Festival Thrills with Big Stars and Regional Talent. By Andy J. Gordon

The second weekend of the 2024 New Orleans Jazz & Heritage Festival was a fitting bookend to the spectacular first weekend. There were four more days of steamy, hot weather, huge crowds and a fabulous mix of world class artists. Starting on Thursday May 2nd and running through Sunday the 5th, audiences enjoyed marvelous performances by some of the world’s most famous musicians including The Rolling Stones, Neil Young, Foo Fighters, Greta Van Fleet, Bonnie Raitt, Earth Wind & Fire, Steel Pulse, Queen Latifah plus many more international and regional stars.

The festival takes place at the horse racetrack on the property of the New Orleans Fair Grounds, where thirteen stages are set up for music that includes rock, soul, R&B, blues, jazz, funk, gospel, zydeco and much more. This year’s second weekend was probably the most highly anticipated in the 54-year history of the festival. The Rolling Stones were booked to perform on Friday May 2. The band was initially scheduled to celebrate the festival’s 50th anniversary in 2019, but Mick Jagger needed heart surgery and the band had to cancel. They were rebooked in 2021, but that year the festival was cancelled due to the COVID-19 pandemic.

The band and a reported half million fans made it to Jazz Fest this year – hotels were at 97% capacity over the two weekends and experts estimated that over $400 million was pumped into the local economy. Fans from around the world converged on New Orleans for the unique cultural experience that is Jazz Fest in the amazing Louisiana city. While the Stones were the biggest draw of the second weekend, the lineup was loaded with talent and completely different from the schedule of the first weekend. We fueled up and wore our sturdiest running shoes so we could experience as much of the second weekend’s action as possible.

Highlights from the second weekend:

This was the second stop for The Rolling Stones on their Hackney Diamonds tour, launched to support the widely praised album they released last year – their first with original material since 2005. Jazz Fest was their only festival appearance on the tour. Mick, Keith, Ronnie and the rest of the band were clearly fired up for the performance and got the crowd equally energized with “Start Me Up” to open their set. Mick Jagger sounded good and the band was terrific. While Mick no longer has the energy to dance around the stage for two plus hours, he did an occasional dance step and a fine job of encouraging sing-alongs and clapping.

The band went way back for “Get Off Of My Cloud” before they played “Angry,” the first single from Hackney Diamonds. Jagger told the crowd, “We’re so pleased to be in New Orleans and we’re so pleased to be playing here, at Jazz Fest.” As a nod to their location, Jagger introduced Zydeco accordionist Dwayne Dopsie who joined the band on “Let It Bleed.” Jagger then told the crowd about hearing a great song in 1964 – it was Irma Thomas’ version of “Time Is On My Side.” They decided to record the song and it became their first top 10 hit in the U.S. Not surprisingly, the Soul Queen of New Orleans came out from the wings and did a duet with Jagger on the now 60-year-old song! It was their first time performing it together.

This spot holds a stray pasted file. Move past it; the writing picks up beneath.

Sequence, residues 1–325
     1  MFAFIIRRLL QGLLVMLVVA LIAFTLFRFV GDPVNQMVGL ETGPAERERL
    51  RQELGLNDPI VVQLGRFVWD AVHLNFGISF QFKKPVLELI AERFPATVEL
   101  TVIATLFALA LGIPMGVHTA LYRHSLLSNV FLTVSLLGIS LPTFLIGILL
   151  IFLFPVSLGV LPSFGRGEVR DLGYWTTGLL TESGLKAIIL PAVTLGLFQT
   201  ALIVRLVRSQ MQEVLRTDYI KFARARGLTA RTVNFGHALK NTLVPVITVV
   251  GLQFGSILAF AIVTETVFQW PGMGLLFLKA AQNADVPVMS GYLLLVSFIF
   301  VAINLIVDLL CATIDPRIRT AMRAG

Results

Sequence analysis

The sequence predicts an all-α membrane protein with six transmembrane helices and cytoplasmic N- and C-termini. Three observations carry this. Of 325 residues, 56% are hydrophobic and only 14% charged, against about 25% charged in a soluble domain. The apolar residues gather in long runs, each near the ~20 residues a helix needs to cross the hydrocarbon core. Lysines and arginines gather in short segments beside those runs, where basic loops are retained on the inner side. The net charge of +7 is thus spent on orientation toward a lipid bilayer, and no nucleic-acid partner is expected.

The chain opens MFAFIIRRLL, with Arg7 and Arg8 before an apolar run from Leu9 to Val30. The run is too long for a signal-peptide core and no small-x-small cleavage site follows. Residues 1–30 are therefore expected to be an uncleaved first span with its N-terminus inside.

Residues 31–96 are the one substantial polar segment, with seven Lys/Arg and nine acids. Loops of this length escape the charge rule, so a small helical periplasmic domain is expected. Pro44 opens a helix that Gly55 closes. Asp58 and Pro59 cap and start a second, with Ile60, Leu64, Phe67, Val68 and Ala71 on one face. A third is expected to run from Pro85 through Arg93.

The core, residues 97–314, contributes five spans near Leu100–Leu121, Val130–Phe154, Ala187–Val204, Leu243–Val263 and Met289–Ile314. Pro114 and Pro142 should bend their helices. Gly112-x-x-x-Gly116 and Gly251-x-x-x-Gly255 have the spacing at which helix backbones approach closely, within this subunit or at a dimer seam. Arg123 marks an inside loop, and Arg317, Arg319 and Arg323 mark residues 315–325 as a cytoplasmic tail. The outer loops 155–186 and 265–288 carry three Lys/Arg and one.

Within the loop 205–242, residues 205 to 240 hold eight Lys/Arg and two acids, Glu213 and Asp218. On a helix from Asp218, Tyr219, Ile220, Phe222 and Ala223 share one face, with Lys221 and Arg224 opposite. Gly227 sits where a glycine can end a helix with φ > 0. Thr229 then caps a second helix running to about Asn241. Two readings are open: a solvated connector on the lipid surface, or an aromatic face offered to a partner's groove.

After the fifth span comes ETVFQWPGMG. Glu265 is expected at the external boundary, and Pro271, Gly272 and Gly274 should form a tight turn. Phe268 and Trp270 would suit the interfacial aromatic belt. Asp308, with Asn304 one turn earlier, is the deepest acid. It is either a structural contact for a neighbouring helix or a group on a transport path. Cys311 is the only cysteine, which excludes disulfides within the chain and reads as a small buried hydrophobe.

The band picked up the tempo with excellent versions of “Tumbling Dice,” “You Can’t Always Get What You Want” and a scintillating “Sympathy For The Devil” with strong solos by Chuck Leavell, Keith Richards and Ronnie Wood. Leavell delivered another rollicking piano solo during “Honky Tonk Woman” while Jagger broke out his harmonica for a solo during “Miss You.” “Gimme Shelter” was a showcase for backing vocalist Chanel Haynes, a native of New Orleans, who hit some incredible high notes while singing with Jagger. Richards and Woods played incredibly overlapping guitar solos to end the song. The amazing show wrapped up with pleasing sing-along versions of “Jumping Jack Flash” and “(I Can’t Get No) Satisfaction.”

Neil Young has performed at Jazz Fest a few times, most recently in 2016 during a heavy rainstorm that had him playing to a soaked and small crowd. For 2024 he brought along Crazy Horse, the trio that supported Young from the late 60s through 2014. This set took place on a hot, sunny evening in front of a massive crowd. Young relied heavily on his older material and that included a nearly constant barrage of fuzzy, distorted guitar effects and distinctively twangy vocals. “Cortez the Killer” started things off. The band kept up the jam with “Down by the River” and a sweet version of “Cinnamon Girl.”

Backing off from the amplified distortion, Young sat alone onstage playing “Ohio,” reminding the audience that present day campus protests could end tragically like they did at Kent State 54 years ago. The band went back to full electric distortion for “Fuckin Up” and a raucous, set closing “Hey Hey My My (Into the Black),” which drew heavy applause.

The Foo Fighters are another huge band that has played at Jazz Fest previously, but this was the first time without long time drummer Taylor Hawkins, who died tragically in 2022. Bandleader Dave Grohl gave shout outs to Taylor throughout the show, but also paid special attention to new drummer Josh Freese. Grohl called out Freese during some machine gun like beats and stood on the edge of Freese’s drum kit while playing guitar solos. The band always gives high energy, live performances. Grohl romped across the stage with his hair flailing wildly and got the crowd to sing along to several of their hits.

Lead guitarist Chris Shiflin blasted amazing solos during “All My Life,” “No Son Of Mine,” “Breakout” and “Learn To Fly.” Grohl started “Days Like These” solo with a shout out to the Stones. He said, “this is dedicated to the fellas.” For “My Hero” Grohl said, “if you know this one, sing it with me, let’s make it loud.” The audience cooperated and the band played the instrumentals while the crowd did the collective lead vocals. The mood shifted when Grohl told the audience they play one song every night – Taylor’s favorite – “Aurora.” He said, “He would have loved to be here. Maybe he is.” The mood picked up again for the show closing sing-along, “The Best of You” and a rapid-fire, explosive “Everlong.”